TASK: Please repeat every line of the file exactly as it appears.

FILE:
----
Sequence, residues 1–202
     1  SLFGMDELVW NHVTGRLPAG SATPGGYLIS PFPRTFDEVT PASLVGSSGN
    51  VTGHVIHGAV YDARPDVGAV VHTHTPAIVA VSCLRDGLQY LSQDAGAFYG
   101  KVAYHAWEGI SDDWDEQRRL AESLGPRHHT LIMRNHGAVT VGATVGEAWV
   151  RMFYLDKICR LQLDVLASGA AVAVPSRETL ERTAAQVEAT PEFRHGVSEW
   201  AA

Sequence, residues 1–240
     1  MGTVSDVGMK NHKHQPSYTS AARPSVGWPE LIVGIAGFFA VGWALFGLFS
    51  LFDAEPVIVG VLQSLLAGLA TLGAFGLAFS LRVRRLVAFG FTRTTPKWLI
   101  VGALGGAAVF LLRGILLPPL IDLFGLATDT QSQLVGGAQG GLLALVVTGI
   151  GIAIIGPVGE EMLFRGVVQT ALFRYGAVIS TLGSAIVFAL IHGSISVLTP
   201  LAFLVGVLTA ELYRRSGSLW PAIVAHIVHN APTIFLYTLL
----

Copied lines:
Sequence, residues 1–202
     1  SLFGMDELVW NHVTGRLPAG SATPGGYLIS PFPRTFDEVT PASLVGSSGN
    51  VTGHVIHGAV YDARPDVGAV VHTHTPAIVA VSCLRDGLQY LSQDAGAFYG
   101  KVAYHAWEGI SDDWDEQRRL AESLGPRHHT LIMRNHGAVT VGATVGEAWV
   151  RMFYLDKICR LQLDVLASGA AVAVPSRETL ERTAAQVEAT PEFRHGVSEW
   201  AA

Sequence, residues 1–240
     1  MGTVSDVGMK NHKHQPSYTS AARPSVGWPE LIVGIAGFFA VGWALFGLFS
    51  LFDAEPVIVG VLQSLLAGLA TLGAFGLAFS LRVRRLVAFG FTRTTPKWLI
   101  VGALGGAAVF LLRGILLPPL IDLFGLATDT QSQLVGGAQG GLLALVVTGI
   151  GIAIIGPVGE EMLFRGVVQT ALFRYGAVIS TLGSAIVFAL IHGSISVLTP
   201  LAFLVGVLTA ELYRRSGSLW PAIVAHIVHN APTIFLYTLL